The story of the 1912 sinking of the largest luxury liner ever built, the tragedy that befell over two thousand of the rich and famous as well as of the poor and unknown passengers aboard the doomed ship.
George C. Scott,
The second in a trilogy of movies about Elisabeth "Sissi" of Austria, the film chronicles the married life of the young empress as she tries to adjust to formal and strict life in the palace and an overbearing mother-in-law.
A man name Christian is assigned as an assistant to Benjamine, a disabled man. On his first day he runs into a chello player name Annika, who shortly after finds herself in a love triangle with the two.
This is a cinematic adaptation of the autobiography of Anna Wimschneider. It depicts her life's experiences and workaday routines as a woman born on a farm in lower Bavaria, Germany, in the... See full summary »
There are questions that have gone unanswered for nearly a century regarding the sinking of the Lusitania. Some of those questions are: . After the torpedo hit the Lusitania there was a ... See full summary »
The character of actress Dorothy Taylor (played by Karen Haake) is probably more a nod to Dorothy Gibson, a film actress who famously survived the Titanic disaster. There was a film actress about the Lusitania, French-born Rita Jolivet, who (like Gibson) was later persuaded to appear in a film depicting the sea disaster that she had survived. See more »
The lookout proclaims that the torpedo is closing on the starboard bow (the Lusitania was hit on the starboard side). However, when Professor Holbourn and others go to see it coming, the smokestack is tilted as though they are looking for the torpedo on the port side. See more »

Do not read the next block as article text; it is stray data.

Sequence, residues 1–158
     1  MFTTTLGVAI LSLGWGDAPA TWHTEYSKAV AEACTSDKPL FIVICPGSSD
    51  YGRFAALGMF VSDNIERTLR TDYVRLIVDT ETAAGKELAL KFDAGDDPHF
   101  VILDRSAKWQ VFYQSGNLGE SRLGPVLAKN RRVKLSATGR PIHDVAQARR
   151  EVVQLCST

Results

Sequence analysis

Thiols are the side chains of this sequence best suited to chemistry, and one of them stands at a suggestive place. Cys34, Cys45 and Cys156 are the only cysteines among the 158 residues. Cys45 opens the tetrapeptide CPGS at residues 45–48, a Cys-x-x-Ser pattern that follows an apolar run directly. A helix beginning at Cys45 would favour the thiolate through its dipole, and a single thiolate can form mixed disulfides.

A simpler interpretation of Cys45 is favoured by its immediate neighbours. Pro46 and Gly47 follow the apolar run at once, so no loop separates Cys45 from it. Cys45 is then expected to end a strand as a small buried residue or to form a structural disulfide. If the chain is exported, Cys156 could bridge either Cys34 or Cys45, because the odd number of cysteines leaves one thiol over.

The poor baby's who perished in the ocean struck a blow at German power that proved more deadly than the sacrifice of a 100,000 fighting men.
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Adrian Topol's character name is pronounced Voegele in the German dialogue and is spelled this way in the accompanying English subtitles. However in the credits it is spelled Vogele. Correct German spelling uses either "ö" (o with an umlaut) or else "oe". See more »
Movies about the Titanic have come and gone and many such movies, from blockbuster epics to cheap low budget movies (some were so low budgeted that the camera crews tilted their cameras instead of tilting the set!) have made their way from the movie theater and the TV, to video and later to DVD.
Yet little has been said about the Lusitania, whose sinking opened a lot of potential.
The story behind the Titanic can be summed up as follows:
Ship sets sail on its maiden voyage.
Ship hits an iceberg.
Ship sinks in the mid Atlantic.
A few survive.
End of the story.
But the Lusitania had a story far more complex. Were they bringing arms to England? Were passengers warned? Were dispatches sent to the Captain? Was the Captain innocent? Or was he guilty? These are complex questions with no real simple answers.
The movie was very well done and sure, some facts were distorted. It was war. And every historian knows that the first casualty in a war is the Truth.
Unlike TITANIC (1998), the central characters in this feature were not fictitious. They really did exist. Prof. Ian Holbourn (born November 5, 1872 and died September 15, 1935) was a passenger on the Lusitania. And he really befriended a young girl named Avis Dolphin (born 1903? and died February 5,1996).
And that "good German" on the U-boat that sank the Lusitania was not a fictitious character added to keep things politically correct, either. He also existed. Quartermaster Charles Vogele allegedly refused to relay the order to fire the torpedo and he was tried and courts-marshaled, and spend 3 years in prison for his crime. (Some accounts claimed that Voegele was an electrician, not a Quartermaster.)
It was no secret that Captain Turner later admitted that had the roles been reversed, he wouldn't had behaved any differently than Lt. Capt. Schwieger, who gave the order to fire that torpedo.
I rate this movie an 9 out of 10.
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